Sunday, May 1, 2011

can’t touch this


One balmy August afternoon,  just before my senior year of high school, I broke from my established summertime routine of doing nothing and agreed to go on a hike with a few daredevil guy friends of mine.  Late summer in Southeast Alaska generally boasts prime weather for all manner of outdoorsy endeavors and that day was no exception.  We followed an obscure trail, not far from the Mendenhall glacier, off the beaten path and well into the realm of bear territory.  In what can only be described as youthful naiveté, I put a great deal of faith in the protective services of my (less than) burly hiking companions.

The overwhelming beauty of those pristine surroundings was lost on no one as we traipsed through the woods and up a steep, rocky embankment overhanging an eerily calm, seemingly bottomless glacial pool brimming with the bluest water imaginable.  At the top, we luxuriated in the sun’s warmth while enjoying a bird’s eye view of surrounding treetops in the foreground and mountaintops beyond.  It was one of those rare and perfect days you never forget.  After a few moments spent in silent reverie, the guys unceremoniously stripped down to their plaid flannel boxers (this was Alaska, after all), sidled up to the edge of the cliff and, one by one, leapt into the icy water below.

In my mind’s eye, it must have been a 50-foot drop.  In reality, it was probably closer to 30 feet.  Never in my life have I been so crippled by simultaneous fear and desire.  I stood near the cliff’s edge, gazing down at the craggy rock wall and less than inviting ice bath at its base.  The boys stood by to cheer or perhaps egg me on.  My heart felt as though it were beating out of my chest, my heart.  Jump, jump, jump, demanded the wildly rhythmic pulsing. 

With each passing moment, I could feel the adrenaline coursing through my veins.  My mind, on the other hand, had a different agenda.  This was long way down, I considered, as I mapped out the various ways in which I would more than likely meet my demise.  I stood at the threshold of that cliff for what seemed like an eternity before accepting the inevitable. 

On the hike back, my friends’ supportive pats on the back did little to console me; their words of encouragement rang like defeat in my ears.  I knew what they were thinking or at least I knew what I was thinking.  Why couldn’t I bring myself to jump?  The question haunted me for years.  It wasn’t until I had a child of my own that an answer occurred to me.  I had taken the road less traveled.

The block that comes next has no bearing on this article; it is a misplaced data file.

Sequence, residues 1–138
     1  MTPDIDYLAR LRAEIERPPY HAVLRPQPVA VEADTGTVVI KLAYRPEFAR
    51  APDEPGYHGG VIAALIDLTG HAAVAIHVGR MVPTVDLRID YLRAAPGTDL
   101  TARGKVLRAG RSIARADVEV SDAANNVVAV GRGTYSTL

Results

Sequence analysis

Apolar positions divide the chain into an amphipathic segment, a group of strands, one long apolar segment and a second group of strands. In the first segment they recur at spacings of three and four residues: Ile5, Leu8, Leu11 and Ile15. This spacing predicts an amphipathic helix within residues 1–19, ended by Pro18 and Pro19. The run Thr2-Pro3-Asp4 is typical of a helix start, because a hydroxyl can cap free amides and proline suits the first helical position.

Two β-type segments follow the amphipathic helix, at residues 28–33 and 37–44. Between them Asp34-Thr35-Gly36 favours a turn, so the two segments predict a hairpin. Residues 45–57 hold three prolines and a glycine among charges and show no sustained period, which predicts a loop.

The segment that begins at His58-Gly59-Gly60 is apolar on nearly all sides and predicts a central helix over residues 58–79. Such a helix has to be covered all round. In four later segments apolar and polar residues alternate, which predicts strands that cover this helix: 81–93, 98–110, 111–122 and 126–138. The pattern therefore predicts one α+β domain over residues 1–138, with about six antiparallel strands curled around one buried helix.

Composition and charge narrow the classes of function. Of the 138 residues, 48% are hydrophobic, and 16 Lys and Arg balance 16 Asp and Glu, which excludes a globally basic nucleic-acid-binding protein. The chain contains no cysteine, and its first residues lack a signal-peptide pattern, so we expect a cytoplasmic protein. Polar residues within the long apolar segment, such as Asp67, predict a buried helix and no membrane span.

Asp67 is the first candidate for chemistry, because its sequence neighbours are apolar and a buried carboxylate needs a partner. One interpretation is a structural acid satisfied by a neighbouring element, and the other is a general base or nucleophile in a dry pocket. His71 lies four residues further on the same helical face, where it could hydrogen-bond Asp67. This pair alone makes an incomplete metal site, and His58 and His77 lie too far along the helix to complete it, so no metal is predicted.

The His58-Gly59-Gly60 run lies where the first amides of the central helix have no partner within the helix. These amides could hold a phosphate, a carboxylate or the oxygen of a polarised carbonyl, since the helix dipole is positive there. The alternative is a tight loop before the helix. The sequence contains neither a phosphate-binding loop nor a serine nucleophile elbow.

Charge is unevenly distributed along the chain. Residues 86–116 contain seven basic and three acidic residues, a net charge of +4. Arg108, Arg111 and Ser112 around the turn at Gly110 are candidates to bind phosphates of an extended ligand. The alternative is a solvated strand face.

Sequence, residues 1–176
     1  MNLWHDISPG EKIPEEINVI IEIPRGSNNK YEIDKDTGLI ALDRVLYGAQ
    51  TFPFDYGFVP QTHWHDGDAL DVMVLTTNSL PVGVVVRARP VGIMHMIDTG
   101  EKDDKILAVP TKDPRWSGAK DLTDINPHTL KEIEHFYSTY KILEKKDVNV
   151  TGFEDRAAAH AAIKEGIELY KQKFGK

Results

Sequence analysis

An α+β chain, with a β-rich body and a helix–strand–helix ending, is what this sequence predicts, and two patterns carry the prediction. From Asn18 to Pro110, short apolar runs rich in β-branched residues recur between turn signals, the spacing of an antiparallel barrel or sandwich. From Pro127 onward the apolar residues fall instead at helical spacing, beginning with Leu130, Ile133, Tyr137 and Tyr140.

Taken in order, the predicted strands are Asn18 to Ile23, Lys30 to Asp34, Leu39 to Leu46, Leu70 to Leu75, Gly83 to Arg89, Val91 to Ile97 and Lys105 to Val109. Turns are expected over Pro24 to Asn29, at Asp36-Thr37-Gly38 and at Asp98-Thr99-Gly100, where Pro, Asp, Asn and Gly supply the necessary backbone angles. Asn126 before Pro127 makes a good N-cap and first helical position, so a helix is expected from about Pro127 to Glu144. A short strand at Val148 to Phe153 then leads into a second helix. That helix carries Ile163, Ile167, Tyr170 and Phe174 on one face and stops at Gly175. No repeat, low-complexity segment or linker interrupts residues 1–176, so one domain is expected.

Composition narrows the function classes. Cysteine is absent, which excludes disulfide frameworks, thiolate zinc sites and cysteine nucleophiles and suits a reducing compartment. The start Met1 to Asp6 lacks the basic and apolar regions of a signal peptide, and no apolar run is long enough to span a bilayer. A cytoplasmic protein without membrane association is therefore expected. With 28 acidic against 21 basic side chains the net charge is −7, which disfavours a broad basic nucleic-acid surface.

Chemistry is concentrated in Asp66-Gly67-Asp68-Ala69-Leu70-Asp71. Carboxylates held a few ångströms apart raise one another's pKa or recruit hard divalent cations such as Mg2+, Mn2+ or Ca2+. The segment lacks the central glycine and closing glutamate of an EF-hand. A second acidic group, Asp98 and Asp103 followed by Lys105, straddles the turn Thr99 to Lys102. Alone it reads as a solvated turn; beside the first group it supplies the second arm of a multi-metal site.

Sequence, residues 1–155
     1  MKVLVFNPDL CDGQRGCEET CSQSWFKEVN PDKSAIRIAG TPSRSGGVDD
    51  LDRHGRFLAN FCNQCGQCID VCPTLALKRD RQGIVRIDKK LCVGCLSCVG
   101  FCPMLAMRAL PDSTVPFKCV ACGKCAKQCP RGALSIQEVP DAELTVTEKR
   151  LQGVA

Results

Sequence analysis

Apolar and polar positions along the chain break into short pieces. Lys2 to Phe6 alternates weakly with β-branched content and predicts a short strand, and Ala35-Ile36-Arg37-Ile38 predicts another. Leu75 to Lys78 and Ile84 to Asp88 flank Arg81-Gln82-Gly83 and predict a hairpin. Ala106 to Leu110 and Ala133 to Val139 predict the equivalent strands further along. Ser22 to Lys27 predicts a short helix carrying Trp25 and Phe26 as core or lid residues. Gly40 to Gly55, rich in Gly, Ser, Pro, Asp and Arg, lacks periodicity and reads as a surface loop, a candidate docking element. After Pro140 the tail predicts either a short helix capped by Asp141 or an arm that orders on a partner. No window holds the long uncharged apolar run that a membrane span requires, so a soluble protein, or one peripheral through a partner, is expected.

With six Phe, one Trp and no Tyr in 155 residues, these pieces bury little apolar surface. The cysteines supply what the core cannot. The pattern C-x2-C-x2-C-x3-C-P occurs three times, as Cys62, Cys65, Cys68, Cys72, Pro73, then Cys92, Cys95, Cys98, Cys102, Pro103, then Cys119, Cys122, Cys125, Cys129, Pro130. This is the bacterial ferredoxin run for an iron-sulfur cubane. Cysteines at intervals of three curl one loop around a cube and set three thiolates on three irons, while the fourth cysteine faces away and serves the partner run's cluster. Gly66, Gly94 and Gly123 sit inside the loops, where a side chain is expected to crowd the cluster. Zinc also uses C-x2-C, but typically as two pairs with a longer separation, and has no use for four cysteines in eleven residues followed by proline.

Mothers are notorious for posing the age old question, ‘If your friends (insert stupidity here), would you do it too?!’  When everyone else jumped off of that cliff, I kept my feet planted firmly on solid ground.  Common sense trumped foolish pride in an impressive showing of early onset maturity.  Not only did I possibly save my life that day (okay, maybe that’s a stretch), but I also managed to defy the teenage stigma of going with the flow. 

So much of what we learn, we learn the hard way.  Take stinging nettles.  At first glance, you have an unassuming leafy green plant.  Upon closer inspection, you’ll find the stem is covered in ruthless little stingers, capable of inflicting tremendous pain should your skin brush up against them.  Unlucky victims of the nettles’ wrath tend to shudder at the recollection of their prickly encounters; the bulk of which are attributed to bouts of adolescent stupidity. 

In Alaska, we have our own brand of stinging plants aptly dubbed Devil’s Club.  Not to be outdone by the nettle, Devil’s Club is bigger, pricklier and harder to avoid.  Spiny hollow stalks grow thicker than broomsticks and the underbelly of their massive leaves are similarly outfitted with needle sharp thorns.  These barbarians of the forest often overtake trails and have a way of presenting themselves just when you’ve lost your footing and are reaching for the nearest branch.  Yowch!  Much like nettles, a painful burning sensation lingers long after the initial sting.